Mass Flo Engineering, Dual Common Rail Kit

EDM vs. EXTRUDE HONE

Electrical Discharge Machining, or EDM for short

According to www.industrial101.com/services/edm.aspx

Electrical discharge machining (EDM) is extensively used in the fine machining of complex forms and shapes in mold and die cutting, and fine hole drilling in injector cups, etc. The process can be used to machine fully-hardened metal components such as tool steel, which would not be possible using ordinary machining processes.

EDM is a thermal process which removes and re-deposits material on the object that is being machined. The area that is recast is usually much harder than the original surface with more resistance to abrasion and corrosion.

In the EDM process, there is an electrical discharge that is formed between the surface of the object and the finishing tool which can create temperatures of between 10,000 and 20,000 degrees centigrade. A dielectric field is formed that continuously removes and re-deposits material to the item's surface. Metal and elemental powders can also be introduced into this dielectric stream which will cause an alloy to be deposited.

Extrude Hone Process

According to www.gethoned.com/process.html

Extrude Hone patented the Abrasive Flow Machining (AFM) process in the 1960's as a method to de burr, polish and radius difficult-to-reach surfaces. One-way AFM systems flow the abrasive media through the work piece in only one direction, allowing the media to exit freely from the part for fast processing, easy cleaning and simple quick-exchange tooling.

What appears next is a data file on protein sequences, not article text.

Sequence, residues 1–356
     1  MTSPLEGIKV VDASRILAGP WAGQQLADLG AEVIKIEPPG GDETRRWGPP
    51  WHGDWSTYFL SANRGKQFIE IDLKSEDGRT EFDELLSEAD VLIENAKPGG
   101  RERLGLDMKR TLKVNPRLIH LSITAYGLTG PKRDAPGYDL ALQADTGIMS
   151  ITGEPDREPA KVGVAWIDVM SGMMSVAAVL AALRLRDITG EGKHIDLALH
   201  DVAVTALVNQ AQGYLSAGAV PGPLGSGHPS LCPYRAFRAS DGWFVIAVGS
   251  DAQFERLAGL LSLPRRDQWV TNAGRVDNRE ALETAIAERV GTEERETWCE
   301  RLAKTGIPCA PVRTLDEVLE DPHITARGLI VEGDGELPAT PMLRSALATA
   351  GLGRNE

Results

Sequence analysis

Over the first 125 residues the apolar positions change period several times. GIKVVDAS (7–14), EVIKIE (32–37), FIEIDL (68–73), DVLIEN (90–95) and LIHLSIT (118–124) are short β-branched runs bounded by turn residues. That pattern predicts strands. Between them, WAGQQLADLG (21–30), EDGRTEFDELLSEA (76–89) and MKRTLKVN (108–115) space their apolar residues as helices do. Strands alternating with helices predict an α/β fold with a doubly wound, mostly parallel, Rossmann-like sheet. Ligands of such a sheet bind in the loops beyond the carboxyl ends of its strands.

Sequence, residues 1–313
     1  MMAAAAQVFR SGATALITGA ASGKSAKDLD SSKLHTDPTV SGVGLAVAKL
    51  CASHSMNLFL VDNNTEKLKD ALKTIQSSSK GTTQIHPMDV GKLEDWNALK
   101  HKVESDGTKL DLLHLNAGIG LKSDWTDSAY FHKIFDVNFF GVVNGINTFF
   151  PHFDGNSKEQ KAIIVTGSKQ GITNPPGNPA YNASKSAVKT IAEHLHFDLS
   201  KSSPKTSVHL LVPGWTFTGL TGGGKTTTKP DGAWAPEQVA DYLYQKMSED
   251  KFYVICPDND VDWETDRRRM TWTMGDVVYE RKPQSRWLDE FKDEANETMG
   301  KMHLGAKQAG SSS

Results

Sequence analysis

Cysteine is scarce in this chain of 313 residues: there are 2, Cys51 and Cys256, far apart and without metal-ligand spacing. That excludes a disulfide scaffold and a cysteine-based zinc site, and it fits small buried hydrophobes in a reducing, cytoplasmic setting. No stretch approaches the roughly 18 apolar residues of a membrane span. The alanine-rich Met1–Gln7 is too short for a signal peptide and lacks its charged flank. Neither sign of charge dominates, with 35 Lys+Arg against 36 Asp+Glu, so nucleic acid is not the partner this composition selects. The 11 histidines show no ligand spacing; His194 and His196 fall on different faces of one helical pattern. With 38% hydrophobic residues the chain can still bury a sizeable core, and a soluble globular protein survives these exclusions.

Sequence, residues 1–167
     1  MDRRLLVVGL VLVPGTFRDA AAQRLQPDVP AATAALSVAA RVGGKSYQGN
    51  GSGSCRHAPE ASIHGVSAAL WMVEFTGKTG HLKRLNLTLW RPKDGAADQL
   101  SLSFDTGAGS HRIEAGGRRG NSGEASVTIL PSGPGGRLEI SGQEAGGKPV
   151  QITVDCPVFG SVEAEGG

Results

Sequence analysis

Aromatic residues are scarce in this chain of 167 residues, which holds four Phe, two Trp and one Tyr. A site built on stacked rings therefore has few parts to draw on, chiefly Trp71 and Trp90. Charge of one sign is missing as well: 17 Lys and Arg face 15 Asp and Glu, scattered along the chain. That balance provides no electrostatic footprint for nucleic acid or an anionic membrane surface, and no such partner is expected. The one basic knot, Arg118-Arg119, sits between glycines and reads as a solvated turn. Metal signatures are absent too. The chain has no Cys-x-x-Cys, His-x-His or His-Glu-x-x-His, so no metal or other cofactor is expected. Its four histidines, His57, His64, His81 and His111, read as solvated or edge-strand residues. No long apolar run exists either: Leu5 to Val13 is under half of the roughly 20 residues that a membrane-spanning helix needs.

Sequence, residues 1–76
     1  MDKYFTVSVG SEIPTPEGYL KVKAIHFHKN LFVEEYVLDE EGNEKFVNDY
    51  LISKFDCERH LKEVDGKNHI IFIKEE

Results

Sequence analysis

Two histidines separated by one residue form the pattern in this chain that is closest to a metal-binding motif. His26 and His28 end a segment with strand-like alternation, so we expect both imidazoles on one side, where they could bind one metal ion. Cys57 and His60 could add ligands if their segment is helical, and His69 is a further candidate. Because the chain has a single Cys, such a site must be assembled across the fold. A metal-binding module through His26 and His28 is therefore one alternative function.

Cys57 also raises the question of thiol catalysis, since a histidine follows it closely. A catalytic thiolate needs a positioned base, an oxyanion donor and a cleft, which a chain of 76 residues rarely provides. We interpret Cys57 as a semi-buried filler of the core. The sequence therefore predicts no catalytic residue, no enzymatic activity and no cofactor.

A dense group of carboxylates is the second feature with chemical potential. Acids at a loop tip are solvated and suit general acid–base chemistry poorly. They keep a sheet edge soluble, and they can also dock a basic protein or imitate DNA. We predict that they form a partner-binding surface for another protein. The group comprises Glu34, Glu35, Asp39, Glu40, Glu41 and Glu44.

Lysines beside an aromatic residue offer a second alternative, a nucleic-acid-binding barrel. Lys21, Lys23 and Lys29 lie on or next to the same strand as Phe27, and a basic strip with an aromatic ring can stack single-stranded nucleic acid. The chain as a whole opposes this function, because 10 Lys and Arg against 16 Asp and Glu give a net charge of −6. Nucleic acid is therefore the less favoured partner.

A plastic, abrasive-laden polymer media is pushed through a part, such as a nozzle assembly clamped to the processing machine. The media sands away unwanted material, stress risers, and burrs from the internal passage ways creating a smooth, polished surface.

Diesel fuel injector manufacturers rely heavily on this process to improve the performance and fuel efficiency on big rigs, motor homes, and off-road construction equipment.

These two processes have one key element separating them.

1. EDM is recognized as a method to create spray holes and even enlarge pre existing holes.

2. Extrude Hone is a method of de burring and polishing and possibly enlarging preexisting passages to enhance flow characteristics.

EDM can be used as a method to modify or increase the spray hole size in a given nozzle. It is even one of the most relied on methods of forming spray holes in new diesel injector nozzles. It is not however the finish process for a nozzle going directly into service. All EDM nozzles have a by-product of re-deposited metal from the forming or enlarging of the spray holes as noted in the detailed description above. When the re-deposited metal from the forming or enlarging of the spray holes is located on the backside of the hole or inside the nozzle case it may interfere with the needle seat of the injector. That's why the OE manufactures take the extra step to de burr the holes.

How do OE's remove this re-deposited metal? Each OE has their various preferred forms of the final finishing process and all include some form of Abrasive flow, more commonly known as Extrude Hone. What varies is the media used to perform the de burring. Media can range from a liquid almost paint like consistency to the plastic, polymer media containing a special formula of abrasives we use.

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